This is the lower part. It’s kind of interesting how it’s flowing down that outcropping, while there’s what looks like a whole other channel to the side.

Scrunched between two other bands of rock at the falls is this little jagged bit, which I thought looked cool.

This is the teeny little 27 foot Drake Falls, named for the guy who got this place made into a park in the first place. You’d think he’d get slightly better billing, but instead the only way to get a view here is a dinky little viewing platform.

Middle North Falls, however, is a slightly more legit 101 feet. Also looks kind of cool framed by trees.

May possibly be a secret door to a dungeon. Hard to tell.

And this is under Middle North Falls, with Devin for scale. Standing under waterfalls is cool, both in the “dude I’m standing under a waterfall!” sense and because that much water actually makes you cool off. Very pleasant.

This is looking back over the creek from the falls. That round pool is kind of interesting.

And here we’ve gone all the way under and around the falls on a short little side trail. Also, awesome.

I think I’ve said all I can say about green basalt formations, but again the geology here is really interesting.

All the way at the end of the side trail, here’s what the falls are like. Apparently they’re usually much wider, but here we are in summer, so.

And the author standing under a waterfall. Neat.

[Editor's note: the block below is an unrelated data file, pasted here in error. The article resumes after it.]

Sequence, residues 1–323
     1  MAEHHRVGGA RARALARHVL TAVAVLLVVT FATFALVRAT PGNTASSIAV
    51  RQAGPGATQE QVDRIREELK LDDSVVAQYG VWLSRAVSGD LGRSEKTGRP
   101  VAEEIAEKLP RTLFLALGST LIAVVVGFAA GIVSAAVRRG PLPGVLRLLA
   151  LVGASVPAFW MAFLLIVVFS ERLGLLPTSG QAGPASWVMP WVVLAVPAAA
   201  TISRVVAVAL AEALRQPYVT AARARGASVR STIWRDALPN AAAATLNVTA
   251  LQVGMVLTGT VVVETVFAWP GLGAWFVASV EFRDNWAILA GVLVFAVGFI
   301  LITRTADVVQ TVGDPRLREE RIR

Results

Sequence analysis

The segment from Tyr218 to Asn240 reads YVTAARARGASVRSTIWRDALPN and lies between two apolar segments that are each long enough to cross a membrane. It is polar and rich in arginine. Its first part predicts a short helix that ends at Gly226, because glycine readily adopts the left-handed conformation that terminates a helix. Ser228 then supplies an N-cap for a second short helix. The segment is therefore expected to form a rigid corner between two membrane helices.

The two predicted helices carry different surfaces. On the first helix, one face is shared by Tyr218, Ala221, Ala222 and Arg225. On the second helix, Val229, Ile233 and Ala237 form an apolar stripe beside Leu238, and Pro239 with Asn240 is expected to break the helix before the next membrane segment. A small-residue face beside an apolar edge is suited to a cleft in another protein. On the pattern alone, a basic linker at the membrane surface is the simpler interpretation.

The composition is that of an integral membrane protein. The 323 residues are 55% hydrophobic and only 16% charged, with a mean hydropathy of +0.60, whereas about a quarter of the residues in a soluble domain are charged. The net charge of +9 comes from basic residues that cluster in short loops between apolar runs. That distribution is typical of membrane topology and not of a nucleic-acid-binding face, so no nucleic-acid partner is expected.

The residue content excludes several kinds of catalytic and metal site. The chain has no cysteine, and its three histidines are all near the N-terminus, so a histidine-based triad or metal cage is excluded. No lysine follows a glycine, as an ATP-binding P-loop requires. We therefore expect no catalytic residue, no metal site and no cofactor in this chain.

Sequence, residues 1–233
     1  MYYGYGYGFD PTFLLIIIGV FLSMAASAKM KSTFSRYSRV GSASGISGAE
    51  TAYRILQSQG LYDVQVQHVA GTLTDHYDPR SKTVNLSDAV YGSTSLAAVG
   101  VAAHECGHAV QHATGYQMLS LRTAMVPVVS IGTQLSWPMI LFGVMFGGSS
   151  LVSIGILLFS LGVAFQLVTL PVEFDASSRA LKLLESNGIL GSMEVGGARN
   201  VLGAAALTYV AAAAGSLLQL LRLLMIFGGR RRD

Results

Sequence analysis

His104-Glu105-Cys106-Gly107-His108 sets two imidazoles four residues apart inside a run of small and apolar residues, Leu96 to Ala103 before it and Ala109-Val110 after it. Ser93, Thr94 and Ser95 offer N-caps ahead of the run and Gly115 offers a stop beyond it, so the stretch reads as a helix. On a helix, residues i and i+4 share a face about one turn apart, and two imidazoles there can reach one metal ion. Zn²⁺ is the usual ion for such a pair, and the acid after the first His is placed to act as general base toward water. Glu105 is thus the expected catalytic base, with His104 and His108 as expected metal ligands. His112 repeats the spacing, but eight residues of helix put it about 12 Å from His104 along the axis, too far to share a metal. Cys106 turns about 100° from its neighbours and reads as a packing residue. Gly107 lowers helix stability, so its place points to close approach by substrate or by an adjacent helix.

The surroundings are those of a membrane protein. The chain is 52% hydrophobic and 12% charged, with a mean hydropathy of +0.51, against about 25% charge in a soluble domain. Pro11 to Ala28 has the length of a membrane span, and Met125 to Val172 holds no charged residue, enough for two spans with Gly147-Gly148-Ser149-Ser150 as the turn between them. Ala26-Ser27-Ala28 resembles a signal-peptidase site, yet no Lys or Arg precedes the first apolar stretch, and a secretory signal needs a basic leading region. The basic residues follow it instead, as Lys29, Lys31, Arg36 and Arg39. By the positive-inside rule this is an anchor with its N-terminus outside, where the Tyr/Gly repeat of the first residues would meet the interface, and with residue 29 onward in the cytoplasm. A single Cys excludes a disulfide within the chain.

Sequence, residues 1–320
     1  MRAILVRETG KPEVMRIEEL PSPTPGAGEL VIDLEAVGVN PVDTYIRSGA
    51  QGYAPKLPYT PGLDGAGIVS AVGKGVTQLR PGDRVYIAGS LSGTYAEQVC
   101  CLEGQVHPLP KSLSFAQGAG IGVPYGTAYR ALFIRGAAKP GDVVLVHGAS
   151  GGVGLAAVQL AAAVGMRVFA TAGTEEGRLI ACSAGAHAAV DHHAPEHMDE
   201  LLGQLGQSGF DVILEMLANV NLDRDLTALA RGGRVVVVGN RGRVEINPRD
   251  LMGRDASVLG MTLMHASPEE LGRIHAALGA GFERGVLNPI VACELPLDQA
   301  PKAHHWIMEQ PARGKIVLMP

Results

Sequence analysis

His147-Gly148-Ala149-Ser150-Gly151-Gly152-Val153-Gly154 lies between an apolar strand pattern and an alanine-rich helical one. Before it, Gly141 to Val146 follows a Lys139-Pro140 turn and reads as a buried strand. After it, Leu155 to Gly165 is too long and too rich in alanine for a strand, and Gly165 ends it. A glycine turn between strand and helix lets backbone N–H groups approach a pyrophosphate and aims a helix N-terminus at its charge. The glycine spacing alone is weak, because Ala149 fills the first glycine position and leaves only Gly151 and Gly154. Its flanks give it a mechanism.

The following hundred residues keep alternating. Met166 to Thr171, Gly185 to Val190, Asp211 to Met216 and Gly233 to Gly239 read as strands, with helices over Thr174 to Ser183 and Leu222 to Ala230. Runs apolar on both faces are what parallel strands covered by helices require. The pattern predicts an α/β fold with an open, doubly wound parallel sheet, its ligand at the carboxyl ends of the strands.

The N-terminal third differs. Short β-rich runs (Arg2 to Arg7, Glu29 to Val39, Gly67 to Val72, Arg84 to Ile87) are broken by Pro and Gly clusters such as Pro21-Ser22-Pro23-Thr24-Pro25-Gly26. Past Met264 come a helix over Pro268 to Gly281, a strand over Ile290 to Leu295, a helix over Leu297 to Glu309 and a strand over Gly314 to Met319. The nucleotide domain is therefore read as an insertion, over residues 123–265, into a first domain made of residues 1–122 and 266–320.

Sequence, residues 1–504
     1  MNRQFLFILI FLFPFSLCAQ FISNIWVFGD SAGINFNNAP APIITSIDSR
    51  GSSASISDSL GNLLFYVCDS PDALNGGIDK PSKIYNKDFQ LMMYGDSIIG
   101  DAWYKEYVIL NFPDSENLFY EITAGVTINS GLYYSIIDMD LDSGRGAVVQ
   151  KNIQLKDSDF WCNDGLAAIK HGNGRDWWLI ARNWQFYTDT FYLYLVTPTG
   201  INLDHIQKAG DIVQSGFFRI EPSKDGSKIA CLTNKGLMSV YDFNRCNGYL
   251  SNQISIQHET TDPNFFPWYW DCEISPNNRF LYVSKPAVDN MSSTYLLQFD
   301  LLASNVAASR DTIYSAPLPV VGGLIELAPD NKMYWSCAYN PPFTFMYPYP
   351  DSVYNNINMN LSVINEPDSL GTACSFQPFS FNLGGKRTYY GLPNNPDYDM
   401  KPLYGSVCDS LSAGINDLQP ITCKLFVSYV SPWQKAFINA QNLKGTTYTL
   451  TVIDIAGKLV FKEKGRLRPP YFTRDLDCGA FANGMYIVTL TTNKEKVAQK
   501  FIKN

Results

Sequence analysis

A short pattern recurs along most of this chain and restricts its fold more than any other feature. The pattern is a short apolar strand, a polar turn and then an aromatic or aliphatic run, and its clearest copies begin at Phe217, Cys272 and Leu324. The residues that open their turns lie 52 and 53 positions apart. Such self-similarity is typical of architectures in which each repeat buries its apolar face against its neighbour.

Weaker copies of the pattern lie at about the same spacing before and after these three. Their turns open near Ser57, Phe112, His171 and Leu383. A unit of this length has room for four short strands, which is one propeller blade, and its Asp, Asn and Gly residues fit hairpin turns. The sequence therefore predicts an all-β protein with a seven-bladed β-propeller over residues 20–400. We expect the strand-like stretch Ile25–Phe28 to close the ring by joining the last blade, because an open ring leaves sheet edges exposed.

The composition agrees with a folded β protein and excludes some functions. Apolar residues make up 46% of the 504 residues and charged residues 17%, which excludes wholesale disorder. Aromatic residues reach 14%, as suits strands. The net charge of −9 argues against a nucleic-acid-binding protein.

Big long carpet of rock along the creek. Love this stuff.

This highly scenic bridge took us from the Canyon Trail to the Winter Falls Trail, about halfway along our hiking route. We’re getting near to done with the fun stuff.

Here’s the cliff back the way we came. It is tall. There was much vertical traversing of paths.

This is Winter Falls, which we concluded must presumably be more impressive in the actual winter. 134 feet is nice and all, but after all the things we just saw, a little meh. We did see a bird though.

I have no idea how this tree is hanging in there, but somehow it is.

Why does the trail route around this tree? No idea but it looks cool.

This is the start of the Rim Trail, our last leg, looking down at the Winter Falls Trail we just came from. Pretty serious switchback there. Doesn’t look like it, but it was.

And this is the top of the cliff along the Rim Trail. Close to done.

The author, worn out, hungry, and with a random pain in his hip but quite happy with life, sitting in the car before driving back. For $5 plus gas this was a pretty good trip.